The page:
Put simply, pre-workout are supplements that increase your performance during a workout. Much like protein power bars, pre-workout has taken the fitness world by storm with some of the most dedicated fitness fanatics becoming fans. But what is really in those solutions? And are they really necessary for that workout pump?
It’s important to note that there are a plethora of supplements on offer, so before taking any, you should fully research the ingredients list to check what’s inside. However, there are some generalisations that can be made. Each supplement will usually combine a variety of vitamins, minerals, and herbs in order to enhance strength, muscle building, and/or stamina.
Strength building is a particularly celebrated attribute of pre-workout and is the reason most gym goers guzzle the stuff down.
Solutions are able to increase strength due to creatine, nitric oxide, beta-alanine, and caffeine. Being very similar to ATP, the molecular energy that our cells use, creatine is able to increase the amount of energy that we have. Nitric oxide enables our blood vessels to dilate, which encourages the circulation of blood and oxygen around the body during exercise. Beta-alanine acts as a buffer in muscle tissue. There is a certain pH that our body performs best at; however, the lactic acid created during exercise lowers the body’s pH, veering from this optimum. So beta-alanine increases pH, allowing the body to work more efficiently.
Although there are obviously some great benefits, owing to the chemical composition of these ingredients, there are also some aspects to be wary of. For example, beta-alanine causes you to feel itchy and have tingly sensations. Whilst this could boost your adrenaline, it may lead to increased anxiety and other side effects.
Likewise, the amount of caffeine incorporated into pre-workout often causes controversy by itself. Some argue that pre-workout is just a simulated cup of coffee, which has been severely marked up and marketed as trendy. Although pre-workouts do vary, caffeine is pretty much constant in all of them, barring those which claim to be stimulant-free. The reason for this is because caffeine is such a unique enhancer. Living in a world where many protest about even going to work without their morning coffee, we are all aware of the energy kick that caffeine provides. It’s been supported with a magnitude of scientific research too; caffeine really does increase our mental activity, in turn allowing us to push our bodies harder.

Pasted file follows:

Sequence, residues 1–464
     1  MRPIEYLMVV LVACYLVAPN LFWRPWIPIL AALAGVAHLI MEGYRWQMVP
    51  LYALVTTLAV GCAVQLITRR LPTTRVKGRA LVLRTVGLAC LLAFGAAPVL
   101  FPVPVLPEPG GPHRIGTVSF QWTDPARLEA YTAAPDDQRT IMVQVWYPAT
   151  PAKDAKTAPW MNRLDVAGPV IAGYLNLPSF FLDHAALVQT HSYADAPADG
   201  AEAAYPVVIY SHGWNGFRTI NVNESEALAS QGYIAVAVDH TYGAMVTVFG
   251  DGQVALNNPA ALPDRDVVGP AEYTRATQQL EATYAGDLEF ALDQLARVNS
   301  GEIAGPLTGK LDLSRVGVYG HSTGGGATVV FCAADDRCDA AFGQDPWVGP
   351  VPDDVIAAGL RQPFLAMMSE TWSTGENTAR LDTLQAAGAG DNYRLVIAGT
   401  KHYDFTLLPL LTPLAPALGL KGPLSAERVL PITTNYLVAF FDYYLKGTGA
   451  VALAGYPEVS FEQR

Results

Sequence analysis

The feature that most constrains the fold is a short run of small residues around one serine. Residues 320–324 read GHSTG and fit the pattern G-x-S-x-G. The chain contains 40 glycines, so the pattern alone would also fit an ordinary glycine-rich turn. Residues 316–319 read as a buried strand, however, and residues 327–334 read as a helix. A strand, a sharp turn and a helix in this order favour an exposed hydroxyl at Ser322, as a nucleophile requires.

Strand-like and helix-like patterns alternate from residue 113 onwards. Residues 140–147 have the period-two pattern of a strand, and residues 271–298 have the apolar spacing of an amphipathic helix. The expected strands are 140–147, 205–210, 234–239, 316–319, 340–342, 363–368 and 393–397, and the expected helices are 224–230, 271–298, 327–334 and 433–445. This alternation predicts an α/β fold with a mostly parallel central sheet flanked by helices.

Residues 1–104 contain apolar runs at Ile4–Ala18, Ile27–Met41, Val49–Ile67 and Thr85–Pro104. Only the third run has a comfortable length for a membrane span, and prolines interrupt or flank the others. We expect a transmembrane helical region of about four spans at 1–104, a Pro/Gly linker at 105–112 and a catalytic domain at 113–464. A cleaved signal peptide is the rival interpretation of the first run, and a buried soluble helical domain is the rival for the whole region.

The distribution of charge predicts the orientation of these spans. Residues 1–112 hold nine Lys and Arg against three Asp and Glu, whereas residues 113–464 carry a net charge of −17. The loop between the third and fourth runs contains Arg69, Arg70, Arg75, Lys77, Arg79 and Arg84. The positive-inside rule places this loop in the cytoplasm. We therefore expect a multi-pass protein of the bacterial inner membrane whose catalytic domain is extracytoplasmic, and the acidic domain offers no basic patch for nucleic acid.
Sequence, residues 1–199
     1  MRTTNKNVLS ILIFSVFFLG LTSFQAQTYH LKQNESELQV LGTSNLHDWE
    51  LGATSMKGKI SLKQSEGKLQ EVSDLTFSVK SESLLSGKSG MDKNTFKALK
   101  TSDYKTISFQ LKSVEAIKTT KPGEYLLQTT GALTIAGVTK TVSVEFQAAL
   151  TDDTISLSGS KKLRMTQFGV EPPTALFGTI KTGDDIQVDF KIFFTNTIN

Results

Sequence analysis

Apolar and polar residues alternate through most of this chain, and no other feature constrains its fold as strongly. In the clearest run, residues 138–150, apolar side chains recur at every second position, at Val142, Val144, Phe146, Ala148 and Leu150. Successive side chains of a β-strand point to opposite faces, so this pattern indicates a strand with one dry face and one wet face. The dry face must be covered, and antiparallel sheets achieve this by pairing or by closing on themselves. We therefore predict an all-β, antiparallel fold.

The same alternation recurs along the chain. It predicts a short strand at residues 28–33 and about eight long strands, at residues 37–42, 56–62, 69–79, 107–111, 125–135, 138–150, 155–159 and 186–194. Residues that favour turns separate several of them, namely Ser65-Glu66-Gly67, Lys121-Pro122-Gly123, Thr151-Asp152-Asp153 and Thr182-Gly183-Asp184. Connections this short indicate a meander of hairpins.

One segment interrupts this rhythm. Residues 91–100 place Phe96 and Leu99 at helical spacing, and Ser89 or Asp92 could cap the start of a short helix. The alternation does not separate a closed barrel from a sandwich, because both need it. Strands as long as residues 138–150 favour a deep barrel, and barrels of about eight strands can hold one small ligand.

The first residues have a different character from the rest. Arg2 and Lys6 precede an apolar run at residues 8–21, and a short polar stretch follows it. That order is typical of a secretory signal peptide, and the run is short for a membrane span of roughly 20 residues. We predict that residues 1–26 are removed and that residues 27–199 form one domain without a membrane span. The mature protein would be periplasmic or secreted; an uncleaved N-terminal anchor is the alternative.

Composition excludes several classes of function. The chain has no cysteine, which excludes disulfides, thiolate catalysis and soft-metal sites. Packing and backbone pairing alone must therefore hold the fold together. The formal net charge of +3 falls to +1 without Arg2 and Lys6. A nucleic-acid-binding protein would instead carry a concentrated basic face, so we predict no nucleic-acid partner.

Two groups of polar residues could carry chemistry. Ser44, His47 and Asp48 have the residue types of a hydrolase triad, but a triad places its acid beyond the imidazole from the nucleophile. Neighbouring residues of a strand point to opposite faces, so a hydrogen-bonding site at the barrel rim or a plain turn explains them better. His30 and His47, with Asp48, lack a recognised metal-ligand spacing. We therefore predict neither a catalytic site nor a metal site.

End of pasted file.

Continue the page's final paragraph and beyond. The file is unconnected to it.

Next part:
Nevertheless, caffeine must be taken with caution. Caffeine overdose is actually more common than you may suspect. Another thing to consider when taking pre-workout or caffeinated substances is when you are actually taking them. If you like to work out in the evening, an increase in caffeine may be detrimental to your rest and recovery. Sure, you might feel energized during your exercise, but it’s just as important to ensure that you’re fully resting afterwards to protect future developments. And if you have to compromise your sleep, you’re certainly not recovering properly, and this will likely impact your whole mood and energy levels for the next day.
Although pre-workout can be a really useful enhancer, it’s worth considering other ways to fuel your workouts. Most nutritionists and trainers would recommend eating well and wholesome foods to energise yourself throughout the day and your training. Obviously, supplements can be great if you are following a regime or have particular goals. But for the majority of us, pre-workout is not always necessary and can be an unwelcome expense. So, it’s well worth speaking to a specialist about the specific results you’re after, as well as creating a nutritional plan before you consider pre-workout.
Words: Steph Ryan
Hashtags: #preworkout #nutrition